UAE-Israel Photograph:( Reuters )
Hezbollah leader Sayyed Hassan Nasrallah described the UAE move as an 'election favour' for both Trump and Netanyahu, and said more Arab states would follow suit to 'satisfy' Washington
From cries of “betrayal” to fears about “falling dominoes”, the deal making the United Arab Emirates the third Arab state to forge ties with Israel stirred anger and dismay around the Middle East, but a cautious welcome from the UAE’s Gulf allies.
The mixed response highlighted new fault lines in a region where fear and distrust of Iran - shared by Israel and some Arab states - has challenged a decades-old allegiance to the Palestinian issue as a major driver of Arab policy.
Palestinians, who want to establish a state on West Bank territory captured by Israel in 1967, denounced the agreement as a betrayal of the long-held Arab stance that peace should be conditional on Israeli withdrawal from occupied territory.
The agreement, which is set to make the UAE only the third Arab state after Egypt and Jordan to make peace with Israel, calls for a temporary suspension of Israel’s planned annexation of occupied West Bank territory, but not withdrawal.
The deal, which U.S. President Donald Trump helped to broker with support from senior adviser Jared Kushner, forms a new axis with the UAE aligning itself with Israel in confronting Shi’ite Muslim Iran and Sunni Islamist radicals in the region.
This is likely to heighten tensions in the Gulf, which has in the past two years seen attacks on tankers and energy assets that the United States and Saudi Arabia have blamed on Iran, a charge Tehran denies.
Iran’s foreign minister said the deal aimed to hand Trump a win ahead of U.S. elections in November, a view echoed by the leader of Lebanon’s Iranian-backed Hezbollah movement.
“It’s shameful what Abu Dhabi did ... They don’t see the Zionist regime as an enemy, but an ally and what’s happening now is to help Trump in the elections,” Iran’s Mohammad Javad Zarif told Al Mayadeen TV.
Hezbollah leader Sayyed Hassan Nasrallah, in a televised speech, described the UAE move as an “election favour” for both Trump and Israeli Prime Minister Benjamin Netanyahu, and said more Arab states would follow suit to “satisfy” Washington.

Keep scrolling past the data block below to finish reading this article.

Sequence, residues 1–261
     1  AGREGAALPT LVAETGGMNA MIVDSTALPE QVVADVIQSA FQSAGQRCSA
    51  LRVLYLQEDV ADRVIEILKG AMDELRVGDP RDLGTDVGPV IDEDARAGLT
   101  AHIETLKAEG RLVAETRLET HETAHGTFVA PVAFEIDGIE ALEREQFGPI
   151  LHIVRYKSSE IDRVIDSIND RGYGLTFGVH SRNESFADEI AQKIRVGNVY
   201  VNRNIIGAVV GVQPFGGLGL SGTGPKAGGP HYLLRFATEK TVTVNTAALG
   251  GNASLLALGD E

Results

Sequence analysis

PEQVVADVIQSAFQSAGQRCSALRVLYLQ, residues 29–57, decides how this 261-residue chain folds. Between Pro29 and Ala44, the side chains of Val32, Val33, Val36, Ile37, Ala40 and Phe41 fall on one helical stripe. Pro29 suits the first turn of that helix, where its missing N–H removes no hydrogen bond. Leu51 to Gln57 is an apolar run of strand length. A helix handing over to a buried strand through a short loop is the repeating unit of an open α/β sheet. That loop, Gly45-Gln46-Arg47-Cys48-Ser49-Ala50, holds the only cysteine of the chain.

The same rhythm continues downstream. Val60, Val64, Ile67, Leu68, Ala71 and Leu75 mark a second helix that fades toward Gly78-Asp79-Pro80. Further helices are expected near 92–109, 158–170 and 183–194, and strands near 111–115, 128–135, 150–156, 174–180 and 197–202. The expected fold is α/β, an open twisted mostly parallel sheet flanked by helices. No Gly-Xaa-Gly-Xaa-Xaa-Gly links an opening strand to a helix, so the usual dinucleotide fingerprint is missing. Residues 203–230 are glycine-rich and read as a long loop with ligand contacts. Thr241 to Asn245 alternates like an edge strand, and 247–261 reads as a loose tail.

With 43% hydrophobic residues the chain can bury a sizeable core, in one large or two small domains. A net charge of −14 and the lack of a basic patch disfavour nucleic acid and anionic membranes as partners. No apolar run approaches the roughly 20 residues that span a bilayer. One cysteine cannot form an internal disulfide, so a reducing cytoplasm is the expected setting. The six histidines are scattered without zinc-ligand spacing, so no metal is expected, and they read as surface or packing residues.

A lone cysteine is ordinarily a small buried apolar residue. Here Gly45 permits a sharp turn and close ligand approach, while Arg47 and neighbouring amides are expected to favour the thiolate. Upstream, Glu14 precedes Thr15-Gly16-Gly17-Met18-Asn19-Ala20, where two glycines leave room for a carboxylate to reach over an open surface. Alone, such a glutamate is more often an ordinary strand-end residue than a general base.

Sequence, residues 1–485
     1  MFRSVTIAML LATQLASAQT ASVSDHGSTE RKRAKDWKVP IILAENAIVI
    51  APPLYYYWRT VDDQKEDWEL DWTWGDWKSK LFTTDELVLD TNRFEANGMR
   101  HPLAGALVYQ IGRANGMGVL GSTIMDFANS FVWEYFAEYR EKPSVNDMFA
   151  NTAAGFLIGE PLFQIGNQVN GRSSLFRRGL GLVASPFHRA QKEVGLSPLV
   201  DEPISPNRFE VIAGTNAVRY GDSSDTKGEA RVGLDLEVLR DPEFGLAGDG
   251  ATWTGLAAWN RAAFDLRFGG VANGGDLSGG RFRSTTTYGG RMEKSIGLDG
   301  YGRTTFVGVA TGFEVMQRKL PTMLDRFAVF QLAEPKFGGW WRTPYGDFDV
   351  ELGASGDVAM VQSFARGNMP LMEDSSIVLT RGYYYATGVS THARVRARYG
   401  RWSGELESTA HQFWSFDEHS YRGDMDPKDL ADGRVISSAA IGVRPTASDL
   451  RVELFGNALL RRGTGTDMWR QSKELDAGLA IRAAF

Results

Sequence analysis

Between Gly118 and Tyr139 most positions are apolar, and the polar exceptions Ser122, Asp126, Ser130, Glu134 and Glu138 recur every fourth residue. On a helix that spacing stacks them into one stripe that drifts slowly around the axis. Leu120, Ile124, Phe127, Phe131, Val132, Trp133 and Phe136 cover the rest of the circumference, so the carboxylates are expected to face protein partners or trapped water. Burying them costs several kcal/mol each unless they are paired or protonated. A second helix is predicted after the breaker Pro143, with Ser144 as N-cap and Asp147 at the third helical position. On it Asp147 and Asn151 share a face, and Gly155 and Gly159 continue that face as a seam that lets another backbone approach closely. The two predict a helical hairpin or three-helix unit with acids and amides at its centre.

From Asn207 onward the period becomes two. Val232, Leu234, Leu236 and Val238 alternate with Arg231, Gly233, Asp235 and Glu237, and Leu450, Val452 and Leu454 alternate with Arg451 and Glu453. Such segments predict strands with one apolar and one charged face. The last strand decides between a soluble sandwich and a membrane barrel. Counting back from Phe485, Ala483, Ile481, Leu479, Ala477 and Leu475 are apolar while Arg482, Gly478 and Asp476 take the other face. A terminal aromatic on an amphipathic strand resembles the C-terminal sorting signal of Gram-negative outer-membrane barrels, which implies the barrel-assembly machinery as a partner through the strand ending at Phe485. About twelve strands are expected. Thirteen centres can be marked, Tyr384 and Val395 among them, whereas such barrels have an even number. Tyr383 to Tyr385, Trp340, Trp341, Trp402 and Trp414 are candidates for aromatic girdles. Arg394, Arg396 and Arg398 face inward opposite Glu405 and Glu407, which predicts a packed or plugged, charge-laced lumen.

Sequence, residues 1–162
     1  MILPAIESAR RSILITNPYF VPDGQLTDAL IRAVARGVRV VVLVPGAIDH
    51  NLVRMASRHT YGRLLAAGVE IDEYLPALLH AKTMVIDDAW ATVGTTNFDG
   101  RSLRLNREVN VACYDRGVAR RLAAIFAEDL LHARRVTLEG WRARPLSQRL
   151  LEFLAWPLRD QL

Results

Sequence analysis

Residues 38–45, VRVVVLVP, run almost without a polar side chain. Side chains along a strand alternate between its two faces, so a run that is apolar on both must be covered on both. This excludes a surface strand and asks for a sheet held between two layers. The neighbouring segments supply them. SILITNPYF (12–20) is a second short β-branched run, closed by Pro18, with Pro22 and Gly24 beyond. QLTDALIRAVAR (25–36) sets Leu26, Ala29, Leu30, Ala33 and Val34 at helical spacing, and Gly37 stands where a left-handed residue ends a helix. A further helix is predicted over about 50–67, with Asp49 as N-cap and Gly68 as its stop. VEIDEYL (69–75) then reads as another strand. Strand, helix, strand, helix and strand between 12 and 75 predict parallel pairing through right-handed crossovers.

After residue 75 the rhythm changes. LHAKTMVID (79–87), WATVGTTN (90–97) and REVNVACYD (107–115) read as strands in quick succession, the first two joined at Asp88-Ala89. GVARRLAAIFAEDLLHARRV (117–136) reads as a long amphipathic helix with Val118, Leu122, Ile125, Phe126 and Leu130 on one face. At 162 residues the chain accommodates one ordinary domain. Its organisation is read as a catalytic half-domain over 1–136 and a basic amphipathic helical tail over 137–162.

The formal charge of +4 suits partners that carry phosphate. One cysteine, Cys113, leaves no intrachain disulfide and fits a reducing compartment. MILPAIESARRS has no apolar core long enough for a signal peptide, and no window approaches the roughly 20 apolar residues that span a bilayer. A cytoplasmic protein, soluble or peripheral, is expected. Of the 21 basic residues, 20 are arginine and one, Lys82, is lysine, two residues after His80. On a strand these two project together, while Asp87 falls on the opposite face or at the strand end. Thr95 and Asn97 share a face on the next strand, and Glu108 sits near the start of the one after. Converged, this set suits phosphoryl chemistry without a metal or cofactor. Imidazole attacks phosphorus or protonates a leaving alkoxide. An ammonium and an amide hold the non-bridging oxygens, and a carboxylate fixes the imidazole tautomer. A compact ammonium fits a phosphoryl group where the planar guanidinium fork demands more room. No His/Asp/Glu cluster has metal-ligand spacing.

“It is good, though painful, that the masks have fallen,” he said, describing the deal as a betrayal of Islam and Arabs.
'Fall like dominoes'
Some worshippers at Al Aqsa mosque in Jerusalem, where Palestinians want to establish the capital of a future state, carried pictures of UAE Crown Prince Sheikh Mohammed bin Zayed with the word “traitor” underneath his image.
“Just like Egypt, Jordan and now Abu Dhabi, the whole Arab world will start to fall like dominoes,” said Mohammad al-Sharif, 45, a member of Israel’s Arab minority. “That Sheikh Mohammed bin Zayed and his dirty dogs look out for themselves and their interests and the rest of us can go to hell.”
Palestine Liberation Organization Secretary General Saeb Erekat spelled out the potential consequences for his people if a united Arab front splintered.
“The whole thing that we based our strategy on as Arabs is that the (2002) Arab peace initiative specified that once Israel withdraws, there will be peace between Arabs and Israelis.
“Netanyahu came determined, with Kushner, Trump... to change the formula, that they want Arab recognition of Israel while they continue with the occupation, and the United Arab Emirates yesterday stamped the green light for this,” Erekat said.
Turkey may shut embassy
Turkey, a powerful regional rival of the UAE, said history would not forgive the Gulf country for making a deal which undercut the 2002 Arab peace plan, which had proposed peace in return for Israeli withdrawal from all occupied territory.
“We may also take a step in the direction of suspending diplomatic ties with the Abu Dhabi leadership or pulling back our ambassador,” President Tayyip Erdogan said after Friday prayers, adding that he could close Turkey’s embassy.
But, in a region beset with other challenges including civil wars, poverty and economic crisis, some people appeared to have other concerns.
At Istanbul’s landmark Hagia Sophia, converted by Erdogan to a mosque last month in a move which he portrayed as a step towards restoring “freedom” to Al Aqsa in Jerusalem, worshippers who spoke to Reuters were unaware of the announcement.
Incentive for peace
Egypt and Jordan, which signed peace deals with Israel in 1979 and 1994 respectively and enjoy close ties with the UAE, both welcomed the agreement. Jordan said the pact could make a beneficial impact if it spurred Israel to accept a Palestinian state on land it took in the 1967 Middle East war.
“If Israel deals with it as an incentive to end occupation..., it will move the region towards a just peace,” Foreign Minister Ayman Safadi said.
Oman and Bahrain praised the accord but Saudi Arabia, which has in the past led Arab policy towards Israel and hosts Islam’s two holiest sites, has remained silent, as have Kuwait and Qatar.
Jordan’s former foreign minister, Marwan al-Muasher, said it was possible other Gulf states could follow Abu Dhabi’s lead. But none of those could address the root problem.
“In the end it’s not the Gulf states who are living under occupation, it’s the Palestinians. And until you reach a solution with the Palestinians, it does not matter how many peace deals you make with Arab states,” he told Reuters.